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Essential Five: Joe’s top tips

From choosing the right lighting to a colour palette that matches your brand and concept, there’s a myriad of decisions to make when refitting or opening a barbershop. Session stylist Joe Mills opened his eponymous salon, Joe and Co in London’s Soho more than 12 years ago and has just undergone a major refit thanks to a severe flood during lockdown. Here’s his top five tips for creating a fabulous interiors.

The Concept

Before you even start, you need to plan out the salon floor. How much space do you have, where are you positioning stations and furniture, how many power points do you need and where? These plans will save you time and money in the long run.


Set a realistic budget from the outset, but be prepared to run over. There are always unwelcome surprises and things that need changing with any project so have a fund that you can dip into when needed. When choosing furniture it’s worth investing in the best – we used Takara Belmont basins and chairs in Joe and Co. If you need to cut spend, look at other areas of the refit but not the furniture. It’s used the most in the shop and needs to stand the test of time. You don’t want to have to buy new chairs every year because they’re broken or stained.


Don’t be afraid to look outside the box for inspiration. By all means look at other barbershops and what works for them, but also look at designer stores, retail outlets… European barbershops are doing great things right now. Bring all your inspirations together and you’re bound to get a creative spark for your own design.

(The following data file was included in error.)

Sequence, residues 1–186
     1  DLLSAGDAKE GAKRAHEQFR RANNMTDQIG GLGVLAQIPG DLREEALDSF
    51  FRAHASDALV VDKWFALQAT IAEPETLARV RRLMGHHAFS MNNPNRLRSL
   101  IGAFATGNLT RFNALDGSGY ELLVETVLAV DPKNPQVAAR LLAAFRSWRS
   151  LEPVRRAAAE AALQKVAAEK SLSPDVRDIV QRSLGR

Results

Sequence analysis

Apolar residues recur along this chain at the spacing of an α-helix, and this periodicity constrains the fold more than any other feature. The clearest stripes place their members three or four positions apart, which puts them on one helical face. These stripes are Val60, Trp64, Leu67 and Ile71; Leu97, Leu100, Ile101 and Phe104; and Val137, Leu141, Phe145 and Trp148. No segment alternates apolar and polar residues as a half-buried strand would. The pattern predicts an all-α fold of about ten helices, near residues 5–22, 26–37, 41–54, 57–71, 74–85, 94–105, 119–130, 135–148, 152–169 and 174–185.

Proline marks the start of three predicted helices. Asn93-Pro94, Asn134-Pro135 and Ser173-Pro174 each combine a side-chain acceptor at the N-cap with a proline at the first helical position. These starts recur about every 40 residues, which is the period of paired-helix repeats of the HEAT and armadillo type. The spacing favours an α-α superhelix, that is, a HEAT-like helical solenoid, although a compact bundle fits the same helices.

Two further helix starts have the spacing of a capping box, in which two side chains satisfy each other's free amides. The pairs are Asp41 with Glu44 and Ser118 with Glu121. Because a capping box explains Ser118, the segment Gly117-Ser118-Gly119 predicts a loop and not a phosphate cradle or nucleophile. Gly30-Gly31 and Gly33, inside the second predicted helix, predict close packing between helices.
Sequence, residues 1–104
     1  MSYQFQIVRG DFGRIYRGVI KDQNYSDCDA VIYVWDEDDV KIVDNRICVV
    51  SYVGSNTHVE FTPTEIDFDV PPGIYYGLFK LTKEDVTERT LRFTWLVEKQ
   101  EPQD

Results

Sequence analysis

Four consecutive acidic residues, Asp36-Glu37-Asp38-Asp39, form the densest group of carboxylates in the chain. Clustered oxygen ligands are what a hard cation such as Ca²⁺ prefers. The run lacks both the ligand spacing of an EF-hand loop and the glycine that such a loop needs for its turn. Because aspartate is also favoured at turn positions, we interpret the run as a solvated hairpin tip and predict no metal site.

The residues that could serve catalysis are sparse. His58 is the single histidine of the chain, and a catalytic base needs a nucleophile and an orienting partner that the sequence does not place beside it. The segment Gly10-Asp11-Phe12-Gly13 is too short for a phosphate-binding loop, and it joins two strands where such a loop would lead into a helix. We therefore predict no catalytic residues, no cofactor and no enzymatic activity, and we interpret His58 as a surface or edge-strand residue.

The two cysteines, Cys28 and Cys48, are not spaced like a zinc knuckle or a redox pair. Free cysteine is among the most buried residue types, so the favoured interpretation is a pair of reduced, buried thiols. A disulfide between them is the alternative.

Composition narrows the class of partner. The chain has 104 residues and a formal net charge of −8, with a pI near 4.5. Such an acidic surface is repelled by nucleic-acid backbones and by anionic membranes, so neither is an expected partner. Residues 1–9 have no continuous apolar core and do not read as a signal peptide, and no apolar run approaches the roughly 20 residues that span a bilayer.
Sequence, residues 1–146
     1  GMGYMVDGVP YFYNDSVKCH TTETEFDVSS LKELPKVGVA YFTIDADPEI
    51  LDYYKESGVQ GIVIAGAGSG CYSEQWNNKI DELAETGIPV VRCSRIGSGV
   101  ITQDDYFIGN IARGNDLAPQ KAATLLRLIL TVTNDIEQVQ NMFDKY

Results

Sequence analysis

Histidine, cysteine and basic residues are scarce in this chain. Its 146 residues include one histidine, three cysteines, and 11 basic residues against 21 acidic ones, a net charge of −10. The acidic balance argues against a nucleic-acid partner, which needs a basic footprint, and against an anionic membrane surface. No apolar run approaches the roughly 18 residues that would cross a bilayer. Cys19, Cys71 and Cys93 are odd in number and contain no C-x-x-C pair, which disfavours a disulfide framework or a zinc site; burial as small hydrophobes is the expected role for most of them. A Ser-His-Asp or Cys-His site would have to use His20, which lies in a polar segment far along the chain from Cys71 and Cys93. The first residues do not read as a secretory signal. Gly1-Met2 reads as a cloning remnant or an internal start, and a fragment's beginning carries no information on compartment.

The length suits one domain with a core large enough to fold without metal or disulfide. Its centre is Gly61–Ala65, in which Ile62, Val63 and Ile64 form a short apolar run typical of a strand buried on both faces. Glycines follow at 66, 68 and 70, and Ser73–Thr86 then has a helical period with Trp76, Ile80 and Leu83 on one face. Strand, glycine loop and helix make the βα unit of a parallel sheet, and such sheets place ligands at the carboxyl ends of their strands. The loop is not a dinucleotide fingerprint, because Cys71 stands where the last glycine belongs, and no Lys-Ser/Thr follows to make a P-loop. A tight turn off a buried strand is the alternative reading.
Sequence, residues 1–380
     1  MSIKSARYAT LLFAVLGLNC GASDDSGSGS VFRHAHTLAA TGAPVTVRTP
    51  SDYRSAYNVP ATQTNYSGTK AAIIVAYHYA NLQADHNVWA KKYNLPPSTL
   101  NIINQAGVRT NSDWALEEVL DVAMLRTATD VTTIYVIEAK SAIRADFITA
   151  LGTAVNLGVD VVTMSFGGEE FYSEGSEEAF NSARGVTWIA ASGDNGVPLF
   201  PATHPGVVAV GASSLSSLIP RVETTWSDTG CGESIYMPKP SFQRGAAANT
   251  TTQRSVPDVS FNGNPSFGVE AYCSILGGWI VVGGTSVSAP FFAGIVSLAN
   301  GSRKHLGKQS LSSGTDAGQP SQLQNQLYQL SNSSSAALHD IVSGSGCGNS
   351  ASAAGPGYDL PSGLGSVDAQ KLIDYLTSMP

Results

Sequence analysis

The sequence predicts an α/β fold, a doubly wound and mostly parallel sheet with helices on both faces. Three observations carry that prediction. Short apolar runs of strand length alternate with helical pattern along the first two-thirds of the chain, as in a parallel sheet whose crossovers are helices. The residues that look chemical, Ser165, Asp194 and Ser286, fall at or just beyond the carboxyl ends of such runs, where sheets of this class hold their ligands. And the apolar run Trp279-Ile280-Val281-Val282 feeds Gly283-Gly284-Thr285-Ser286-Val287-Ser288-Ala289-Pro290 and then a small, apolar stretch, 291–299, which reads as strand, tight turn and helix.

Client journey

You’re designing a salon that needs to be enjoyable for the client as well as the team who work there. So, put yourself in your client’s shoes and walk through the door. What do you look at, where do you walk to, make it as easy as you can to ensure they enjoy the whole experience when they visit you.


The right music sets the ambience for the barbershop so choose wisely. Think who your clientele is; classics always work well,  but avoid anything too hardcore. And don’t forget to get your PPR and PRS licenses.

Find out more about Joe Mills:


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